The action scenes are loud and gruesome at times. It seems as though just about everyone prefers to use big guns and so the combination of sounds following the pressing of the trigger amps up the tension. There are moments, however, when it reverts to clichés like a person being able to outrun a rain of bullets while moving rather slowly. Such scenes needed to be reedited to make it appear as though the situation was unfolding very quickly and one mistake could mean game over.

“Sabotage,” directed by David Ayer, is elevated by Williams because she is convincing as a tough and dirty-talking cop. I imagined her getting along perfectly with Brian Taylor and Mike Zavala from “End of Watch”—also directed by Ayer. It is a good decision to cast Williams because she exudes intelligence without even trying. At first glance, I expected her to play a character with an uptight nature and so when she starts cracking jokes and trying to make tough-sounding phrases work, I appreciated her sense of humor—a quality that the film does not offer very often.

Terminator Genisys


Terminator Genisys (2015)
★★ / ★★★★

In 2029, just when the final assault against Skynet, led by John Connor (Jason Clarke), is finally won, it is discovered that a Terminator had already been sent to 1984 to kill Sarah Connor (Emilia Clarke), mother to the leader of the Resistance, as a fail-safe. John’s righthand man, Kyle Reese (Jai Courtney), volunteers to go back in time to protect Sarah, but it turns out the mission is not as straightforward as it seems. Upon arrival in 1984, Kyle learns the timeline had already been changed and it appears as though he has memories of events he never in fact experienced.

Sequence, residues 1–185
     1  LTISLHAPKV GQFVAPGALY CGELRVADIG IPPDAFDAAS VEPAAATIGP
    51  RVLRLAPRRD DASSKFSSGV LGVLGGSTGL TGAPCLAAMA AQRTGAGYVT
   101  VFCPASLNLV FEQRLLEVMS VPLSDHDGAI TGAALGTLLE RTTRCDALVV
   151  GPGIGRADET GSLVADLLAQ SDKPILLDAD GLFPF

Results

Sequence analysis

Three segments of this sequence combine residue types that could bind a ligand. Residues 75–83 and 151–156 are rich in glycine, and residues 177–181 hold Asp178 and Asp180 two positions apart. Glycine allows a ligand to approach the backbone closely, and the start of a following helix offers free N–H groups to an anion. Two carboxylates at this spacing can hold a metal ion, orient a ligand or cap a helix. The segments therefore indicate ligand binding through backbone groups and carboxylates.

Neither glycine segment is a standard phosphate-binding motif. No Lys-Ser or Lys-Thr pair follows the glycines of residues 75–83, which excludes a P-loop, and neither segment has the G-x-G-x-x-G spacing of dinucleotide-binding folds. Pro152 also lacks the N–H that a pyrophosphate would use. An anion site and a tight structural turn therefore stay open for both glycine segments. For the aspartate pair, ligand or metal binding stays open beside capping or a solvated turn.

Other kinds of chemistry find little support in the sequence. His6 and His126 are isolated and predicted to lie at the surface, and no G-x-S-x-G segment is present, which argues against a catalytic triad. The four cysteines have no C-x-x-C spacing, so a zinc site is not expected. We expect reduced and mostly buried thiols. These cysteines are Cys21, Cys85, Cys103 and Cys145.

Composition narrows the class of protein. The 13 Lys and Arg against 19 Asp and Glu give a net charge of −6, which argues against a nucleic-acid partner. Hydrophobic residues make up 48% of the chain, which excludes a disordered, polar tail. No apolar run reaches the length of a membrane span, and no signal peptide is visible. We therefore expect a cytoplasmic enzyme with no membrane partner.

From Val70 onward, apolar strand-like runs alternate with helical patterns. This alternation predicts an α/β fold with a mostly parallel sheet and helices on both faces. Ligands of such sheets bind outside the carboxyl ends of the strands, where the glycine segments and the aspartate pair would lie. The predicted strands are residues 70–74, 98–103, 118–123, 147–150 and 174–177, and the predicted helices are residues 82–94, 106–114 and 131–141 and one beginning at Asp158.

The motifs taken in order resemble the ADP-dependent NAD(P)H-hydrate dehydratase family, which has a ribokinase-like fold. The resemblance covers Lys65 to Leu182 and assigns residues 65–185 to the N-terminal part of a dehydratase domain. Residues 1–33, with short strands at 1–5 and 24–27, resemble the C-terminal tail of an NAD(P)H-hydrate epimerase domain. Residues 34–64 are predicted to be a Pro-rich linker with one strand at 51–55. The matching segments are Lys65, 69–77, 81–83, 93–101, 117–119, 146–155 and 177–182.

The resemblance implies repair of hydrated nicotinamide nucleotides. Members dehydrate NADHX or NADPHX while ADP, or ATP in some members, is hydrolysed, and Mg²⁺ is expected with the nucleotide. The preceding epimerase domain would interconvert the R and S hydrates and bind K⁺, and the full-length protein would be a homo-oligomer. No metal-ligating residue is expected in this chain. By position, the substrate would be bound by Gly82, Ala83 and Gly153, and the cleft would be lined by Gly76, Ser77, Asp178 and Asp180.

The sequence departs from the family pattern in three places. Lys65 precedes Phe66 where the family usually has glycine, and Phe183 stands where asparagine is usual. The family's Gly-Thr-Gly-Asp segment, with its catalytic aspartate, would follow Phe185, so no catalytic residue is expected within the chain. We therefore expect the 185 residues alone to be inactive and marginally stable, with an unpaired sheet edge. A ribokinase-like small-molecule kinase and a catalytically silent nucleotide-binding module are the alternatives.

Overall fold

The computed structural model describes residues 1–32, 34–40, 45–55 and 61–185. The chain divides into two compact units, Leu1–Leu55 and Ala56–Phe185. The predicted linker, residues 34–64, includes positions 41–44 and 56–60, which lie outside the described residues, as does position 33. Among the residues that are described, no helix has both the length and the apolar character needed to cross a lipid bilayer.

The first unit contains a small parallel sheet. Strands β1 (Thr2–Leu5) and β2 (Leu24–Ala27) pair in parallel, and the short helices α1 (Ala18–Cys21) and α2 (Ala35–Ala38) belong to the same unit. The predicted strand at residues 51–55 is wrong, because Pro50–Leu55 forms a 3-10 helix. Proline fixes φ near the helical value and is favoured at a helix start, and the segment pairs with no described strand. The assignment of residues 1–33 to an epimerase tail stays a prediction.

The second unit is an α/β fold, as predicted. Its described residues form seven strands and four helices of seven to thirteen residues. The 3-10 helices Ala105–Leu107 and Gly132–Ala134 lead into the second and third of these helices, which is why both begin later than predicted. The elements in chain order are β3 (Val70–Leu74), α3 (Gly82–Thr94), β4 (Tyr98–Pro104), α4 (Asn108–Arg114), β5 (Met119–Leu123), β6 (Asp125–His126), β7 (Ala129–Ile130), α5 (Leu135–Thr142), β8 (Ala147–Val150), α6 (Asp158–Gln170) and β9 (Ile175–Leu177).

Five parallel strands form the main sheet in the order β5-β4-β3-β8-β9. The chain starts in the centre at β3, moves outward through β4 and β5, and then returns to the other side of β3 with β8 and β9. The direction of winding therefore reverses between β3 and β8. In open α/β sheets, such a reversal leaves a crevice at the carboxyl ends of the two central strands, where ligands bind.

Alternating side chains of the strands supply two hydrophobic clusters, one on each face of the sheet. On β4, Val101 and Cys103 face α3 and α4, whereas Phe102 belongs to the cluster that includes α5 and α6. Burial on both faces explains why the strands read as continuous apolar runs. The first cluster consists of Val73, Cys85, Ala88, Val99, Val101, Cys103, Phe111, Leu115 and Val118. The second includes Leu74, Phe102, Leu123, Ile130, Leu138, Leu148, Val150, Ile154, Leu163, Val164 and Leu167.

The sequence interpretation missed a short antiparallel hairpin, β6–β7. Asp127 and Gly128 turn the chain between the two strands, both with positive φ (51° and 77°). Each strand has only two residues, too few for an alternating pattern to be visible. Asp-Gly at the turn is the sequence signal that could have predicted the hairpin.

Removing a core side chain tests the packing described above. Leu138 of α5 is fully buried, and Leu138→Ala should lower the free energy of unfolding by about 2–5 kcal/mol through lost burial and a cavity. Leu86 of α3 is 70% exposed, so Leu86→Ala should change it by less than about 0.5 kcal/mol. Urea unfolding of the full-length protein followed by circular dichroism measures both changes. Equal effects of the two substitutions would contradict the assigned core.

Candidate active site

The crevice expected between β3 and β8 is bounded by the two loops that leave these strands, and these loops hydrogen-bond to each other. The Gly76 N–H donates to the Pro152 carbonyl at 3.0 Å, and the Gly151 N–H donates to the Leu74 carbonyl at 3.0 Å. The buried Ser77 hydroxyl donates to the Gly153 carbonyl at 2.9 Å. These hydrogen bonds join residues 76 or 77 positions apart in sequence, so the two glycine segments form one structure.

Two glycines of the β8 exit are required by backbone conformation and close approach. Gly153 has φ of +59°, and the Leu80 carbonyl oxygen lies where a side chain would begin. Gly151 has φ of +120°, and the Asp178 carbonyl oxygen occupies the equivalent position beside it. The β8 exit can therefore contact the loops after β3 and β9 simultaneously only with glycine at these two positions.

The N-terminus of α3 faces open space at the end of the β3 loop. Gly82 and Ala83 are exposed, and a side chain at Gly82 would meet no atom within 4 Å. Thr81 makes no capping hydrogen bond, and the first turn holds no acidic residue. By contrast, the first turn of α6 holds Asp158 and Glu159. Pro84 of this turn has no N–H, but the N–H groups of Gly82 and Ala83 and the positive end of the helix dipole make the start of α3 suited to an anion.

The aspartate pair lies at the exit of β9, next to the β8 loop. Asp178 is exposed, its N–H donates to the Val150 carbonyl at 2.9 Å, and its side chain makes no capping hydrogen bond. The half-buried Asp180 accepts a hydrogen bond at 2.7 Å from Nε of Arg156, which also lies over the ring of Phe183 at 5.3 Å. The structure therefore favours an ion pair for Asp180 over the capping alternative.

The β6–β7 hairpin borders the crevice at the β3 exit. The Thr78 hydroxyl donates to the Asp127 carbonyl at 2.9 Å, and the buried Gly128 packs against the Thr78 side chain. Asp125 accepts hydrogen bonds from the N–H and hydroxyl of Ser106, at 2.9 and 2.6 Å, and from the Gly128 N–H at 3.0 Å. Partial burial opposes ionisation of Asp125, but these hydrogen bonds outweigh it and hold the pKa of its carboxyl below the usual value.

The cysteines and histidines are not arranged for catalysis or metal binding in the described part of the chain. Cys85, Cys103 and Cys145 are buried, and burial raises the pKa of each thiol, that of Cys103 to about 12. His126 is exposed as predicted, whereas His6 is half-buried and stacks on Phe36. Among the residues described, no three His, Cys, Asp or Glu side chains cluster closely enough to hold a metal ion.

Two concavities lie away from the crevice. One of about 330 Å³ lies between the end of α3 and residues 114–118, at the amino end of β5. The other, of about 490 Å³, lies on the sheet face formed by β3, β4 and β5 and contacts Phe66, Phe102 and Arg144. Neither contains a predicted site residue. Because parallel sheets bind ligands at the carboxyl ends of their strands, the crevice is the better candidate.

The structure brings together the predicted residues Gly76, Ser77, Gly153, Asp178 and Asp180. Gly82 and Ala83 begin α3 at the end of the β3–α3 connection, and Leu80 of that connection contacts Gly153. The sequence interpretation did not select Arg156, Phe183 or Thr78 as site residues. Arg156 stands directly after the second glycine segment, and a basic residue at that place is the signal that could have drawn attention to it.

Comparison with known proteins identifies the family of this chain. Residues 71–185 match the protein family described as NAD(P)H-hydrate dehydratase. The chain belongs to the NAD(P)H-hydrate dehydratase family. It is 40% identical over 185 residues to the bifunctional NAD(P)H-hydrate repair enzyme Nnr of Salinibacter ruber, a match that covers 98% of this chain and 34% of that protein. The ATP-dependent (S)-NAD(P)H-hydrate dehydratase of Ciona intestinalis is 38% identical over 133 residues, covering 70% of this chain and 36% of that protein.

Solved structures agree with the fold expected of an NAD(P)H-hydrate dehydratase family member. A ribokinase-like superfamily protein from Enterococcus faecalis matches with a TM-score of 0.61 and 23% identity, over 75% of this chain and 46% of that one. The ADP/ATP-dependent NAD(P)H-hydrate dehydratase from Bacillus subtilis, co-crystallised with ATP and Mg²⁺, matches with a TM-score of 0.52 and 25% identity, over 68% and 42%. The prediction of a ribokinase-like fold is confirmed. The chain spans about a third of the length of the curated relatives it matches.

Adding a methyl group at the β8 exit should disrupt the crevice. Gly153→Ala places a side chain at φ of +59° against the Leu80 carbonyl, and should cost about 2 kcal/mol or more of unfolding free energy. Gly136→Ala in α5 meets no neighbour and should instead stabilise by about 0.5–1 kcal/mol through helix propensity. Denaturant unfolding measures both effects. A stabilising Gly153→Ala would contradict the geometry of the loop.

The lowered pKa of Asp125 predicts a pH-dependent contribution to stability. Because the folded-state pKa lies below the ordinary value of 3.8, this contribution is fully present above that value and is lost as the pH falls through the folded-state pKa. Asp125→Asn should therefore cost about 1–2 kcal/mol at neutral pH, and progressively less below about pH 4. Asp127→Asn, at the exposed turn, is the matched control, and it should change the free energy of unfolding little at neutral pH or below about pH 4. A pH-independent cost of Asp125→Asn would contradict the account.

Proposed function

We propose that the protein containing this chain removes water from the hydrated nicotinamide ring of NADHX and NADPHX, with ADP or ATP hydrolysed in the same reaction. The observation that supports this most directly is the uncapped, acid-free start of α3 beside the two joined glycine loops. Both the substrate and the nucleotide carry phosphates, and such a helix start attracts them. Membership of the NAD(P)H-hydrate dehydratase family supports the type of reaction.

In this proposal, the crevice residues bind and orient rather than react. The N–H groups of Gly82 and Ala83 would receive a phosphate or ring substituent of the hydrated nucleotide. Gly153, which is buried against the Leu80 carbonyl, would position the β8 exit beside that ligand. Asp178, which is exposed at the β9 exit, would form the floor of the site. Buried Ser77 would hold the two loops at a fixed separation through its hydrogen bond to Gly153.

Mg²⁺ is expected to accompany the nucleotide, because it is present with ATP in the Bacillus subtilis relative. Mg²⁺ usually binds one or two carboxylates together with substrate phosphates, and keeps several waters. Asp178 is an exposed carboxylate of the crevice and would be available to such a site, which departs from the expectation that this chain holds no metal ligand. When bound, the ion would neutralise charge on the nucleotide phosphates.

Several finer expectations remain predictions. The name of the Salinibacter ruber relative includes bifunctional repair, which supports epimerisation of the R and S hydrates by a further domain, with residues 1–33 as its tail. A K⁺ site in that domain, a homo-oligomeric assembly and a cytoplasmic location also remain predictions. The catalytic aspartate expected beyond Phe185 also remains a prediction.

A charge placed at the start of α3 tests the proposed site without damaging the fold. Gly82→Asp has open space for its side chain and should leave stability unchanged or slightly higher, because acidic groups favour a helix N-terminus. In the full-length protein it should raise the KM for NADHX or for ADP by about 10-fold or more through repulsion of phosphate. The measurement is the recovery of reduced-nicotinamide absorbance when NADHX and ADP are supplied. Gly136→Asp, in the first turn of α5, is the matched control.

“Terminator Genisys,” written by Laeta Kalogridis and Patrick Lussier, takes elements from James Cameron’s “The Terminator” and “Terminator 2: Judgment Day,” puts them in a blender, and a few original ideas are sprinkled into the mix to create a reimagining. Although the picture is superficially entertaining as a whole, one foot remains deeply embedded in the past. Thus, due to nostalgia, a great limitation prevents this sci-fi action picture from turning into one that will be remembered positively from years to come.

Some action sequences are quite enthralling. The first half is particularly strong. Standouts involve increasingly difficult encounters with a T-1000 Terminator dressed as a cop (Byung-hun Lee). There is a nastiness to this villain because even though chaos is happening all around—bullets flying, vehicles exploding—there is an eerie calmness to Lee’s performance. The body is tough, agile, strong but the face is serene. We believe that our protagonists are really up against a tank-like robot that will not stop until its assignment is accomplished.